Zeki points out a small cross on the doorknob indicating that the residents are Syriac Christians.  We went inside and bought a bottle of homemade wine from them. by bryandkeith on flickr

Zeki also explained that many Muslims who have been on the haj to Mecca will put a sign above their door indicating as much.

A sign like this over the door means that one of the inhabitants has been on the haj to Mecca. by bryandkeith on flickr

In Ulu Camii we saw a whisker from Mohammed’s beard:

DSCN8793 by bryandkeith on flickr

A hair off Mohammed's beard by bryandkeith on flickr

The supposedly good Mardin Museum was closed for renovations so we have an excuse to go back.

DSCN8773 by bryandkeith on flickr

DSCN8792 by bryandkeith on flickr

DSCN8844 by bryandkeith on flickr

Zeki, our clever guide in Mardin, said that for many tourists the most extraordinary site in the region is the ruined Roman city of Dara, perhaps most well known for the Battle of Dara that took place in this border town between the Byzantine Empire and Sassanid Empire in 530.  Or we could say between the Romans and the Persians if that helps your historical context.

Given the site’s proximity to the present day Turkey-Syria border (about 7km, but leaving the site we drove right along the border for a few km), we had some discussion about the wisdom of visiting.  The British were asking their citizens not to go.  The US State Department, however, had no such warning.  We first visited the Western Necropolis which felt like we had dropped into Kapadokya.

DSCN8882 by bryandkeith on flickr

We first came to the large western necropolis by bryandkeith on flickr

We also walked through what’s left of the Roman city.

DSCN8905 by bryandkeith on flickr

DSCN8909 by bryandkeith on flickr

On a hill above were a series of mind-boggling parallel cisterns.

DSCN8913 by bryandkeith on flickr

But the most stunning site is entered through an unassuming doorway that seems to head into the basement of someone’s house.  The stairs just keep going down and down until you find yourself in a huge underground cathedral-type space carved into the bedrock.  It’s simply Roman water storage.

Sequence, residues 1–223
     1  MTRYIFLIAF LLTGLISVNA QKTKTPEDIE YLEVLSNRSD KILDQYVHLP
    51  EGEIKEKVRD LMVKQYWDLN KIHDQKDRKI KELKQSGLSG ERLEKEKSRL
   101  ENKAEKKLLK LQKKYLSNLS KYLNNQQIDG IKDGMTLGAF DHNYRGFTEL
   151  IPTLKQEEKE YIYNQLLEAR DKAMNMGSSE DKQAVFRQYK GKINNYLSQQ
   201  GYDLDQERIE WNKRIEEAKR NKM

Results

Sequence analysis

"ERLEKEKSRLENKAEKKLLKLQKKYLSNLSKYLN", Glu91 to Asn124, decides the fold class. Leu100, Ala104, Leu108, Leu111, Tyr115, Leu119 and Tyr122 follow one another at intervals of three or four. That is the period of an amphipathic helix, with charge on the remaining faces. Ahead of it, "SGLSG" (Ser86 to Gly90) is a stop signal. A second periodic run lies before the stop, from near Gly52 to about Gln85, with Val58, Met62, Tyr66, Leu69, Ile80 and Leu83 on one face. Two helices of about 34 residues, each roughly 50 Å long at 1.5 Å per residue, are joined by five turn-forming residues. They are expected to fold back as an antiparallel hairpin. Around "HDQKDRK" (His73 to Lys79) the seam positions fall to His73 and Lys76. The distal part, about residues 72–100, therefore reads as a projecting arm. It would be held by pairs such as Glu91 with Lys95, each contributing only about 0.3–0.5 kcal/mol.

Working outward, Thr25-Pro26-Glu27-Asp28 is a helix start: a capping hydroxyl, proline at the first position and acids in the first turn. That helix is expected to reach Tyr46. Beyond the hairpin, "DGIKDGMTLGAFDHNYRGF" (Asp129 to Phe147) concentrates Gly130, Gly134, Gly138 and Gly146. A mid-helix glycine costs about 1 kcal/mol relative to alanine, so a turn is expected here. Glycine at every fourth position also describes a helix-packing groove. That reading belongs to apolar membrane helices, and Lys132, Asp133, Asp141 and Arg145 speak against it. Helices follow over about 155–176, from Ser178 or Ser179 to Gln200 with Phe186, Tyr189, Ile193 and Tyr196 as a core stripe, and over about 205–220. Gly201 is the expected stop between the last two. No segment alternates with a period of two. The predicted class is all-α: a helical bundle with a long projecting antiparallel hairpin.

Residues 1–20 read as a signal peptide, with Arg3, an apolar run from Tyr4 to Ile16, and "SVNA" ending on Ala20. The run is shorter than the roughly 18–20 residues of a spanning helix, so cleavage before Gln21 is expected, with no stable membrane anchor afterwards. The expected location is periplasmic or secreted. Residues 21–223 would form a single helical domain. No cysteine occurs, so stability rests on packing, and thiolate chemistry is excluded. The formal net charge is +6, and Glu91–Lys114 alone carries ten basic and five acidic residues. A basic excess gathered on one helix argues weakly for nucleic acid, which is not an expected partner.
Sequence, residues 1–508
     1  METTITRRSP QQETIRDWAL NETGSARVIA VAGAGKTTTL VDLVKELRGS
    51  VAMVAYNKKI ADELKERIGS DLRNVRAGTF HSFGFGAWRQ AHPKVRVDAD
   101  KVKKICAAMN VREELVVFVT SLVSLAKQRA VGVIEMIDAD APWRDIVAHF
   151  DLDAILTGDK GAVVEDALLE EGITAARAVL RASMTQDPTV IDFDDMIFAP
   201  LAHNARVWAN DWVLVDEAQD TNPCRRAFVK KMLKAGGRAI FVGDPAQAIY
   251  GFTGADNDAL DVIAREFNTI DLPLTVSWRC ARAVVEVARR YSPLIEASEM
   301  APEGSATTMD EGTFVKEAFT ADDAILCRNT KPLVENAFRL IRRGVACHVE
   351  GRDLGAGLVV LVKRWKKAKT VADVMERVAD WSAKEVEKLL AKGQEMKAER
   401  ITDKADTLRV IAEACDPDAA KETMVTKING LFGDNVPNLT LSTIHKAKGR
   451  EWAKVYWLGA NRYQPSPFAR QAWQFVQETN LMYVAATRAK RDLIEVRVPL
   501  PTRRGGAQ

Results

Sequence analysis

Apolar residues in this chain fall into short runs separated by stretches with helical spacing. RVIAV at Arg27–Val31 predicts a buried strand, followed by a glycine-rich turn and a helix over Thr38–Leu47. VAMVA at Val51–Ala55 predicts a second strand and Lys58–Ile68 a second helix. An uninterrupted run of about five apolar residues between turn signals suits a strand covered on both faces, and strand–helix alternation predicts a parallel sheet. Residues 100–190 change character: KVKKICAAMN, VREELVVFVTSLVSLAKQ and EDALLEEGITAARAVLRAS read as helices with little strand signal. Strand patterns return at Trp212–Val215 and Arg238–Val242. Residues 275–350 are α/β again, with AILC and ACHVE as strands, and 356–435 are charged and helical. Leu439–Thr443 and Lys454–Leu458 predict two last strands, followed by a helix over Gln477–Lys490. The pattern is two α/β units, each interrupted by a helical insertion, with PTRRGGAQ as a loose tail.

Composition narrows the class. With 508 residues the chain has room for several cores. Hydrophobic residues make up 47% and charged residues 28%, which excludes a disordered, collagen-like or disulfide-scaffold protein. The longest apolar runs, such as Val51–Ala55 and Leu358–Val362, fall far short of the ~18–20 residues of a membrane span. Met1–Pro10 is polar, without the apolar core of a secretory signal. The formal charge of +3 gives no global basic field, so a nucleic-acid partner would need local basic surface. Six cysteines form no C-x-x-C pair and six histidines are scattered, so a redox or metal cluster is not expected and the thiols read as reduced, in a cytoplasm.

DSCN8887 by bryandkeith on flickr

If Mardin’s not on your list, obviously I think it ought to be.

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5 Responses to The historic treasures of Mardin in three days

  1. Douglas Keith says:

    Wow! Beautiful pictures and amazing country.

  2. Jill Quick says:

    Amazing photos!

  3. Phoebe Youri says:

    Your blog is wonderful and informative with terrific pictures! Thank you for these great details. We’re intending to travel to the Mardin area in a couple of days, and I had a few questions: 1) how did you find your English-speaking tour guides in Mardin? It sounds like you had hits and misses: any recommendations would be greatly appreciated. 2) Did you feel unsafe at all during your trip to Dara? The place looks amazing but the proximity to the Syria border worries me just a bit. Thank you!

    • Bryan Keith says:

      Hi Phoebe,

      Well, at each church you need to find the person with the key to let you in. That person then generally acts as a guide and seemed genuinely happy that we were bothering to visit. They didn’t ask for money, but we put some in the donation boxes that you’ll see around. In addition to the Syriac language with one exception (he spoke German and passable Turkish), they spoke good Turkish. I translated the Turkish to English for my parents and sister.

      It could be more crowded in the summer when members of the diaspora return, and of course they’ll know another language. I highly recommend the churches and villages east of Midyat and could have easily spent two days exploring by car there. It’d be a great place to visit by bicycle. With no Turkish it will be more challenging but not impossible.

      The young guide you see in a photo or two in Mardin is Zeki (0 534 783 4586). Although we spoke with him in Turkish (my parents and sister went to the museum instead), I think he speaks English as well. He said he’s quite busy in the summer months.

      We were also worried about visiting Dara so close to the Syrian border, but we felt fine the whole time there. When we left the site, we took the small road to the south to join the busy highway that is right next to the border for a few kms.